(For Bloomberg fair value curves, see CFVL <GO>.)
July 29 (Bloomberg) -- West Texas Intermediate oil fell to a two-week low on concern that the shutdown of a Kansas refinery will reduce crude demand.
CVR Refining LP shut the 115,000-barrel-a-day Coffeyville plant after a fire in an isomerization unit, the company said. The refinery receives crude from Cushing, Oklahoma, the delivery point for WTI futures. Brent advanced as the European Union agreed to new sanctions on Russia, extending its premium to WTI to the widest in three weeks.
“The Kansas refinery fire is throwing pressure on WTI and strengthening products,” said Carl Larry, president of Oil Outlooks & Opinions LLC in Houston. “It’s an important refinery because it’s linked to Cushing.”
WTI for September delivery slid 70 cents, or 0.7 percent, to $100.97 a barrel on the New York Mercantile Exchange, the lowest settlement since July 15. The volume of all futures traded was 1.4 percent above the 100-day average at 3:20 p.m.
Prices were little changed after the American Petroleum Institute was said to report that U.S. inventories dropped 4.4 million barrels last week, according to a person familiar with the data. Cushing stockpiles fell 914,000. WTI slid 61 cents to $101.06 at 4:39 p.m. in electronic trading.
Brent for September settlement gained 15 cents to $107.72 a barrel on the London-based ICE Futures Europe exchange. Volume was 15 percent below the 100-day average. Brent’s premium of $6.75 to WTI was the biggest since July 4.
CVR, which owns 1 million barrels of storage at Cushing and leases 3 million barrels of tanks, says Cushing supplies crude to Coffeyville and the Wynnewood refinery in Oklahoma.
Inventories at Cushing started declining in January after the southern leg of TransCanada Corp.’s Keystone XL pipeline began moving oil from the hub to Gulf refineries. Supplies dropped to 18.8 million barrels in the week ended July 18, the lowest level since 2008, according to the Energy Information Administration.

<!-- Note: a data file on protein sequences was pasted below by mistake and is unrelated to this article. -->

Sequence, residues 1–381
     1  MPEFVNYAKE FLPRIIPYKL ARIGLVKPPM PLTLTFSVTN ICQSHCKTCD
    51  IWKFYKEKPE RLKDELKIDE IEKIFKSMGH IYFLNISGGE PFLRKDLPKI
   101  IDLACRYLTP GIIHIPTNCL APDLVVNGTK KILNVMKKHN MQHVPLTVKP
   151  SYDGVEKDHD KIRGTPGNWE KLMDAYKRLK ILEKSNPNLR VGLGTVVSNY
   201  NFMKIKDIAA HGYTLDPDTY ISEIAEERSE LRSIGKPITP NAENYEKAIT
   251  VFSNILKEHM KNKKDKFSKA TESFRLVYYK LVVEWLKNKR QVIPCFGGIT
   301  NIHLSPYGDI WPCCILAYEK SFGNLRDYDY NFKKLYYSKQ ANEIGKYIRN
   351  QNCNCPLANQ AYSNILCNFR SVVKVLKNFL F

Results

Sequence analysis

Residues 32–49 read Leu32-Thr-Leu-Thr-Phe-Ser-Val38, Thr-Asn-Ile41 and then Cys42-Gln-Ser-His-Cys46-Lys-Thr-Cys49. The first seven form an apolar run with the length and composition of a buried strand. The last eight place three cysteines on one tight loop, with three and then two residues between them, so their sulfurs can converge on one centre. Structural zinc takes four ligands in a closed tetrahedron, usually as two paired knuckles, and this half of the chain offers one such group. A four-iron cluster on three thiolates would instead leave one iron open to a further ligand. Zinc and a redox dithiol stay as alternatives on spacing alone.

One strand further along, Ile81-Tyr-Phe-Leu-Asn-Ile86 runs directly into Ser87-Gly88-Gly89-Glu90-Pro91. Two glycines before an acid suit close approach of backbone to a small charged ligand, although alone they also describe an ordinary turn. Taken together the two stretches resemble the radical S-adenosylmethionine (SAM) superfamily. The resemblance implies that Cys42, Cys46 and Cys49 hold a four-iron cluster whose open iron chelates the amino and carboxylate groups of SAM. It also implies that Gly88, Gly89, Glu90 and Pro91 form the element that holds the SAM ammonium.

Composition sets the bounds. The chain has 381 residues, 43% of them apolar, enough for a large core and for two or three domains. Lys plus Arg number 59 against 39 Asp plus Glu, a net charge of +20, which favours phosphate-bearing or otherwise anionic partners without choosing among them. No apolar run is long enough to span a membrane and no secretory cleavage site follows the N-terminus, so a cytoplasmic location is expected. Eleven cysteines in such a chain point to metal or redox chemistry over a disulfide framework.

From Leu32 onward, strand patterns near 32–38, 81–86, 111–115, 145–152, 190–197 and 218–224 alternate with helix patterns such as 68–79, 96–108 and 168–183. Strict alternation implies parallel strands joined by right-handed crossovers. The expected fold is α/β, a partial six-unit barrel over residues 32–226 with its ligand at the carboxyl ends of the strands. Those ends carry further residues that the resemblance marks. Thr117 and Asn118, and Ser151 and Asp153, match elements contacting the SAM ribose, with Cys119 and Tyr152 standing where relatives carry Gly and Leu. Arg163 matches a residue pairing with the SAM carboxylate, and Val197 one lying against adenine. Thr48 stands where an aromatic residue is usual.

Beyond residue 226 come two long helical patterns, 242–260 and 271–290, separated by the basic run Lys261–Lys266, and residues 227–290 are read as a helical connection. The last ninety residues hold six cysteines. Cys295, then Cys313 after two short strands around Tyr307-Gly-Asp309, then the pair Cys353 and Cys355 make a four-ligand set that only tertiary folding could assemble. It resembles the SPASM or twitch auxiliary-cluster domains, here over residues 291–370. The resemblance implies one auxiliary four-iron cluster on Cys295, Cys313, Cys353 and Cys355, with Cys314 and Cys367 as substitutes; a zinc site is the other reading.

“The Coffeyville refinery fire could boost supplies at Cushing, even briefly over about a week or so, but that’s enough to impact the Cushing spot market and suppress prices until there’s some visibility into the timetable when oil supplies at the hub would decline again,” said Richard Hastings, a strategist at Global Hunter Securities LLC in Charlotte, North Carolina.
IIR Energy, an energy information provider based in Sugar Land, Texas, reported that some units at Coffeyville will restart within 72 hours. The isomerization unit is expected to be repaired in one to two weeks, according to IIR.
The EU curbed Russia’s access to bank financing and advanced technology in its widest-ranging sanctions yet over the Kremlin’s backing of the rebellion in eastern Ukraine. Russian state-owned banks will be barred from selling shares or bonds in Europe and the export of equipment to modernize the oil industry, a key prop for Russia’s economy, will be restricted an EU official told reporters.
“The market is showing sensitivity to possible problems with Russia,” said Gene McGillian, an analyst and broker at Tradition Energy in Stamford, Connecticut. “There is plenty of support for Brent and it’s playing out in the Brent-WTI spread moving higher.”
The EIA may report tomorrow that U.S. crude inventories declined 1.25 million barrels last week and gasoline supplies climbed 1 million, according to a Bloomberg survey. Gasoline stockpiles increased to 217.9 million in the week ended July 18, the most since March.
“We are in the process of a shift to lower oil prices,” said Stephen Schork, president of the Schork Group Inc. in Villanova, Pennsylvania. “Demand is weaker.”
Gasoline futures gained as Genscape Inc. reported Irving Oil Corp.’s refinery in Saint John, New Brunswick, shut a 70,000-barrel-a-day fluid catalytic cracker yesterday. The August futures rose 2.17 cents, or 0.8 percent, to $2.8709 a gallon on the Nymex.